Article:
Most ambitious professionals are eagerly awaiting a promotion so they can FINALLY step into the leadership role that they've been waiting for. But too often, I hear stories of people that have been passed over for the promotion to management because they don't have enough leadership experience.
"How am I supposed to get the experience without the position?"
This is one of the biggest career missteps I see people make: waiting for the title be become a leader at their company.
The truth is, if you want to become a leader, you need to start leading. The job title is formal authority - it's management. Sure you'll be able to tell people what to do, but that isn't leadership.
Leadership can be done at any level of any company. At its core, it's the ability to create and vision and inspire others to work towards it. You can start doing that today with these surprisingly simple strategies...
Create Proactive Impact
Leaders don't sit around and wait for instruction - and they definitely don't wait for permission.
They get out there and they make things happen.
Your greatest opportunity as an emerging leader at your company is to identify where the nexus of what the company needs and where you can uniquely offer to help grow your team and what you can uniquely offer.
Where those two things meet is your sweet spot.
And once you find that sweet spot, take charge and proactively create unignorable impact on your organization.
Taking the initiative to fill in the gaps, increase efficiency or effectiveness, and create a better team and a better company is a natural and an organic way for you to begin leading from wherever you are.
This can be a formal role or it can be an informal role. When you step into the role as a mentor, and you're providing support and guidance for your teammates, it is naturally going to insert you into the leadership role.
When you are mentoring someone, they are automatically going to be looking up to you. They will look to you for guidance, support, and ideas. Especially when you don't have the formal management role (and the tasks and bandwidth issues that often accompany it).
A great byproduct of mentoring your teammates is not only is it going to help them see you as a leader and put you into that position. It's also going to demonstrate to your manager, and to other members of the leadership team, that you already are a leader within the organization.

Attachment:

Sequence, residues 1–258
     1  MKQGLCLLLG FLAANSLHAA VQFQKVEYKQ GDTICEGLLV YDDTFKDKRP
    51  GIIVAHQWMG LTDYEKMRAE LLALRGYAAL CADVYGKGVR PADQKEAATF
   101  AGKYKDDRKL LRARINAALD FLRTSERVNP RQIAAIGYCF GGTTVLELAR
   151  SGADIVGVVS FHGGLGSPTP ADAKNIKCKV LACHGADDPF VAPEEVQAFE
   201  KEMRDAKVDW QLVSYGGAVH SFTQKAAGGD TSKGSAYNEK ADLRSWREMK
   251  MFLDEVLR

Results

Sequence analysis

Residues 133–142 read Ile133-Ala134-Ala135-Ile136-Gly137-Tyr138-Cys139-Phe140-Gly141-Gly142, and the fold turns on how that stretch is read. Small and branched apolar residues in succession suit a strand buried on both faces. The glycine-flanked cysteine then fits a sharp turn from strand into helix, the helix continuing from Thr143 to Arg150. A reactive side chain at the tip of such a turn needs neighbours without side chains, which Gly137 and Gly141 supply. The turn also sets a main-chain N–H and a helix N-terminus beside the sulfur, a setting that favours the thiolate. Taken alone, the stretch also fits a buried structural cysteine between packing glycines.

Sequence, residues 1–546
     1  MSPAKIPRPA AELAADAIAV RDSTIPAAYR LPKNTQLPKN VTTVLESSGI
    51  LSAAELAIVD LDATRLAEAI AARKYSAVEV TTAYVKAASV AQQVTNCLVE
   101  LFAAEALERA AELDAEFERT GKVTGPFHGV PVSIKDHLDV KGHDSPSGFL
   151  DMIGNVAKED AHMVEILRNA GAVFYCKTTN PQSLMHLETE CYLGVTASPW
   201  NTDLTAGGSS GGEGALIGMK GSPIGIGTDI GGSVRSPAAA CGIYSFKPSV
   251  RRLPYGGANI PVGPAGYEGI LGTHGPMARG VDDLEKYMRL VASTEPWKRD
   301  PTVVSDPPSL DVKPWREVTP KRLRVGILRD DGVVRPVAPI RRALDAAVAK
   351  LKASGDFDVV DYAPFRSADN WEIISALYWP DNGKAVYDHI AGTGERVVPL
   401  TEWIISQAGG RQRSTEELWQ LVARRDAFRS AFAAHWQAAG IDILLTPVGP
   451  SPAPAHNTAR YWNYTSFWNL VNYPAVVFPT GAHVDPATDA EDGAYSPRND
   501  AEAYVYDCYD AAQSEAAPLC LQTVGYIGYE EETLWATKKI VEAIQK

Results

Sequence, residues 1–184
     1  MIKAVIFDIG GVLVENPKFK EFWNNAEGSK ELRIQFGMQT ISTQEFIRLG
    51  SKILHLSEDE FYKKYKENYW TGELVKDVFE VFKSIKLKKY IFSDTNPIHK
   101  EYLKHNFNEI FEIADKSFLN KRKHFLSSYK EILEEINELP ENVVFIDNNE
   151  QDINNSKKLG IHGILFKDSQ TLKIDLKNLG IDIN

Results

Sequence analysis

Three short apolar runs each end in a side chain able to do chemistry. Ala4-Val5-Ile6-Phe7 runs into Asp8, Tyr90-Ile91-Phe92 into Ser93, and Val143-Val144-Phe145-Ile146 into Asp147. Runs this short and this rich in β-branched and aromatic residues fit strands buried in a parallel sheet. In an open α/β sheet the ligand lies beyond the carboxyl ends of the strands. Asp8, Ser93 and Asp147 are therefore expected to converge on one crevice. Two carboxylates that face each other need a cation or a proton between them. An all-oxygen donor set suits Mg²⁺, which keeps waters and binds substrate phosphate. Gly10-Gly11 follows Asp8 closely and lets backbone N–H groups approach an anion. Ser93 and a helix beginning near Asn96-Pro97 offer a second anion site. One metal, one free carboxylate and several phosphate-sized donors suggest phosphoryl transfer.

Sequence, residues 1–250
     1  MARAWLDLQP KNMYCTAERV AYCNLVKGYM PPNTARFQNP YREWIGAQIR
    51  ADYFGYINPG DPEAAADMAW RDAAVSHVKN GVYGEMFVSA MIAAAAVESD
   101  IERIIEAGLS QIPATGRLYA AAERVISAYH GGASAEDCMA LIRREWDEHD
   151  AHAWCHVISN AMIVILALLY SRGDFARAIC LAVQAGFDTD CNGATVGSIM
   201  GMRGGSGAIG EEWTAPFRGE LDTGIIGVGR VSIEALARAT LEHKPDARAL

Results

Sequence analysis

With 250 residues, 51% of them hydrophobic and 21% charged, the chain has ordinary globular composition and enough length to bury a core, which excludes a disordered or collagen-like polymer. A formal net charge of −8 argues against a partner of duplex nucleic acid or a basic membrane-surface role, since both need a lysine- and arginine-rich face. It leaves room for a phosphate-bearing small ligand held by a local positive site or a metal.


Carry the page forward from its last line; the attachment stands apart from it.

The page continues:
Being in leadership really means that you need to be bold and speak up, and that includes sharing your ideas. There are scarce paths to leadership if you aren't even participating in the first place.
As a leader, you want to be one of the first people out of the gate when ideas are being taken or when feedback is being collected within a meeting.
Vocalizing your idea and vision gives other people the opportunity to support you and see what you have to offer. It also allows your entire team to collaborate towards better outcomes and that is exactly the type of thing that strong leaders facilitate.
Best of all, it puts you in control and allows you to take charge of the conversations and go-forward strategies. This helps demonstrate to your leadership that you're really ready for that next level.
This is one of the biggest differences that I see between someone who thinks they're ready for leadership, and someone who really truly is ready for leadership is the ability to prioritize the work that's being undertaken.
As a leader, it's essential for you to be able to determine the importance and the urgency level of any matter or task that is brought to your attention. This is especially important as a manager, because not only are you having to prioritize your own time and attention, you are also going to be prioritizing the time and the attention of your team. (If you need more info on effectively prioritizing, check out this video)
Leaders are laser-focused on the things that are most urgent and most important. This helps you have the highest level of impact possible. Bonus: the more that you're able to demonstrate your ability to do that, the more that you're going to be put into that leadership position.
Expand Your Network of Advocates
If you're someone who has been very focused on getting that formal leadership position, you may have been very focused on building relationships with the people who are the key decision-makers and influencers behind the decision.
But if you want to begin leading without a title, you're also going to be thinking about the people that you are leading - because they actually fit into that network of advocates.
Before you have the title, you will lead by demonstrating your ability to inspire action. The effectiveness of a leader is wholly tied to their ability to hire their team and to invoke action and to take it even a step further.
The more people that talk about your leadership skills and how they see you as a leader and mentor, the better the likelihood you are going to have to actually step into that formal leadership role at work.
Be an Expert
You don't need to be an expert on *all of the things.* You need to be an expert on the things that truly mattered. The more that you differentiate yourself as being an expert on a specific topic, the more people will come to you when they need help or advice on that particular topic, and this helps you emerge as a leader.
Ideally, this really maps back to that first strategy of identifying your impact and focusing in your expertise to what your biggest area of impact is.
Find Opportunities to Stand Out
Leaders do not blend into the crowd. They are out there, they're leading the way.
When you stand out at work, it is going to embody and exemplify all of the strategies that I just mentioned. If you don't really know where to start and how to make yourself stand down at work, check out this post find your standout strategies.